The primary drivers for providing TLS 1.0 and 1.1 disable support for Skype for Business Server On-Premises are Payment Card Industry (PCI) Security Standards Council and Federal Information Processing Standards requirements. More information for PCI requirements can be found here . Microsoft cannot provide guidance on whether or not your organization is required to adhere to these or other requirements. You must determine if it is required for you to disable TLS 1.0 and/or 1.1 in your environments.
Microsoft has produced a whitepaper on TLS available here , and we also recommend the background reading available over at the Exchange blog .
Scope refers to supportability boundaries. For Skype for Business Server On-Premises, in scope means we fully support and have tested disabling of TLS 1.0 and 1.1 for the listed product versions. Currently being investigated means just that; we are actively investigating bringing these products into scope for TLS disable support. Out of scope means these product versions do not support disabling TLS 1.0 or 1.1 and will not work, with noted exceptions.
Fully tested and supported Clients:
Except where noted, the following products are not in scope for TLS 1.0/1.1 disable support and will not function in an environment where TLS 1.0 and 1.1 have been disabled. What this means: if you still utilize out-of-scope servers or clients you must update or remove these if you need to disable TLS 1.0/1.1 anywhere in your Skype for Business Server on-premises deployment.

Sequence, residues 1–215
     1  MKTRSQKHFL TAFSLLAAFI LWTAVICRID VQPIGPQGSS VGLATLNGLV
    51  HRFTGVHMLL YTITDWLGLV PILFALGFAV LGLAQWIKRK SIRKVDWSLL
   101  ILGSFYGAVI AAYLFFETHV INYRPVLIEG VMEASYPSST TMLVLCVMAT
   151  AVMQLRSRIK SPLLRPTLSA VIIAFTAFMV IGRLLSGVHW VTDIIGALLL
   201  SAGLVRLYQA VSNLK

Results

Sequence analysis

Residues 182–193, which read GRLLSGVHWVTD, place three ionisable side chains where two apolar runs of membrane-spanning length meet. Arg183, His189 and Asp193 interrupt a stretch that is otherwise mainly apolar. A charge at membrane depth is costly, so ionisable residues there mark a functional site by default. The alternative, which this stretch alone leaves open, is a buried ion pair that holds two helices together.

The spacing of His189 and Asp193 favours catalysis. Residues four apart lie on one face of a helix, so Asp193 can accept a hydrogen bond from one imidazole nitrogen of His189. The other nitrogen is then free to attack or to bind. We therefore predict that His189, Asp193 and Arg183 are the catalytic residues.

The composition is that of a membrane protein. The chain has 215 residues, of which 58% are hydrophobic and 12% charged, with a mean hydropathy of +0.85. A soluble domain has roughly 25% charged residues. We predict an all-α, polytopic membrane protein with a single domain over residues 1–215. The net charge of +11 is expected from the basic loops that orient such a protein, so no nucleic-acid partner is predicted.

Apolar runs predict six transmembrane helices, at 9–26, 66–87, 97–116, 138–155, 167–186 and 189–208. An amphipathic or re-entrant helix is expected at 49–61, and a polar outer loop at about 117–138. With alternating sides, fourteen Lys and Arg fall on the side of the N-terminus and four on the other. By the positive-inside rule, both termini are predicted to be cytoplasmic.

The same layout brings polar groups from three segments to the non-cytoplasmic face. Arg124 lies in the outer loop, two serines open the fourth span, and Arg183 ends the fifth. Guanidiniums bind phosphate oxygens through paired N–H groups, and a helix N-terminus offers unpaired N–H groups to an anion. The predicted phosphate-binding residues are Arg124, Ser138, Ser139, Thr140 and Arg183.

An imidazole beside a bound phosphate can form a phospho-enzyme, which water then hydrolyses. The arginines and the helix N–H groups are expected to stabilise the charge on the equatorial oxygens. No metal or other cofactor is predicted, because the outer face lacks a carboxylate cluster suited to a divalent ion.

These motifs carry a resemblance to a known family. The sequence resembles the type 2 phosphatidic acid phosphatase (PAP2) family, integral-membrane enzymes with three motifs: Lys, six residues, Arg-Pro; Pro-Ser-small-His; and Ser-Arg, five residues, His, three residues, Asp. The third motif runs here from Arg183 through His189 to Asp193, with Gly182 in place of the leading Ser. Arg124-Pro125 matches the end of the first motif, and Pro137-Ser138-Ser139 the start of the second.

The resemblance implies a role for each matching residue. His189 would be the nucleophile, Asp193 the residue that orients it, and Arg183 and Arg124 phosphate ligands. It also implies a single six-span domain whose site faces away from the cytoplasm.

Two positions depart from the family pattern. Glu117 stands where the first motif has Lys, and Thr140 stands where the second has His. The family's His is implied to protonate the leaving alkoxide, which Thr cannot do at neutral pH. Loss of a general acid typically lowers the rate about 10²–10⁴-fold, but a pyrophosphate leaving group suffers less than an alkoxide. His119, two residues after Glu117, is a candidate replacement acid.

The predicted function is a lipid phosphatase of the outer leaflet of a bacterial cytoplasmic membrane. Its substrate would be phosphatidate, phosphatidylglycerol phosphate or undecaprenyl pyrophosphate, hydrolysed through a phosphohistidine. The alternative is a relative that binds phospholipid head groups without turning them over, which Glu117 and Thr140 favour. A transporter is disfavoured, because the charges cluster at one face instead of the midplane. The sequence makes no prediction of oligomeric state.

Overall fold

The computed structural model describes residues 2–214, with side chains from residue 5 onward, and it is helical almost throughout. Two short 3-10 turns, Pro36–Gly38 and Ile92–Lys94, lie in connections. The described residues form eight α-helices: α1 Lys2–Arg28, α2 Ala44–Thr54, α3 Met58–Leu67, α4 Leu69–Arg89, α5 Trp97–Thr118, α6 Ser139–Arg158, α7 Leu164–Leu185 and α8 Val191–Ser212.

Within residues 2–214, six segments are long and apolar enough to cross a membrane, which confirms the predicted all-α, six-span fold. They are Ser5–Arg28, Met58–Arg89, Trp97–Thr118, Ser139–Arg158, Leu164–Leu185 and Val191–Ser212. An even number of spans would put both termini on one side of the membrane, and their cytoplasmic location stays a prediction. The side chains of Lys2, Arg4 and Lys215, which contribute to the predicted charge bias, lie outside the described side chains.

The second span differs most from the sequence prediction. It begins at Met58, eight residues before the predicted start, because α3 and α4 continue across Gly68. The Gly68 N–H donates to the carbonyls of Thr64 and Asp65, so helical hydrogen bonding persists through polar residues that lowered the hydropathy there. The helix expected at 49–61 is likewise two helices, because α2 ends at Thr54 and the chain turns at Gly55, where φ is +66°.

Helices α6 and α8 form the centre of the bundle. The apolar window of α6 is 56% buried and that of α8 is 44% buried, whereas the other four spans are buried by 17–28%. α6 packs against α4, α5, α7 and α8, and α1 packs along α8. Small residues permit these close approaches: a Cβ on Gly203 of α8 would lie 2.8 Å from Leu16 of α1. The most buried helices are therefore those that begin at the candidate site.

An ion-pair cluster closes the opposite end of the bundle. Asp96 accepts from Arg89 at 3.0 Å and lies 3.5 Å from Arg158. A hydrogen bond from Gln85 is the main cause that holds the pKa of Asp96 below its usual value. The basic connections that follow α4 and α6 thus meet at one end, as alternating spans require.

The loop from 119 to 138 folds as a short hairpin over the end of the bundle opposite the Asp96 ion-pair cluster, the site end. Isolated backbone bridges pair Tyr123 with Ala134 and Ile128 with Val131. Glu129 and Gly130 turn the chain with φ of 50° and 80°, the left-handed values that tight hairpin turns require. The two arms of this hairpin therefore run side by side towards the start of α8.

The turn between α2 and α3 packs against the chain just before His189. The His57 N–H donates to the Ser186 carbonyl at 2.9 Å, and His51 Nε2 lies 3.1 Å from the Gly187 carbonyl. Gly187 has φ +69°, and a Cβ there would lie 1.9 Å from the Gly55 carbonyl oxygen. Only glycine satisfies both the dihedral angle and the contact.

Lync Server 2013 now supports TLS 1.2 with the July, 2018 Cumulative Update , a.k.a. "CU10". We're providing TLS 1.2 support to enable co-existence, migration, Federation and Hybrid scenarios. This does not mean, however, that we support disabling TLS 1.0 or 1.1 on Lync Server 2013. In fact, doing so will render Lync Server 2013 nonoperational.
Lync Server 2013 ( all roles except Edge ) takes a dependency on Windows Fabric version 1.0. In the design phase for Lync Server 2013, Windows Fabric 1.0 was chosen for its compelling and new distributed architecture to provide replication, high availability and fault tolerance. Over time, both Skype for Business Server and Windows Fabric have greatly improved this joint architecture with significant re-design in subsequent versions. Current Skype for Business 2015 Server uses Windows Fabric 3.0, for example.
Unfortunately, Windows Fabric 1.0 does not support TLS 1.2 . Therefore it remains unsupported to disable TLS 1.0 or 1.1 on all roles of Lync Server 2013 except Edge.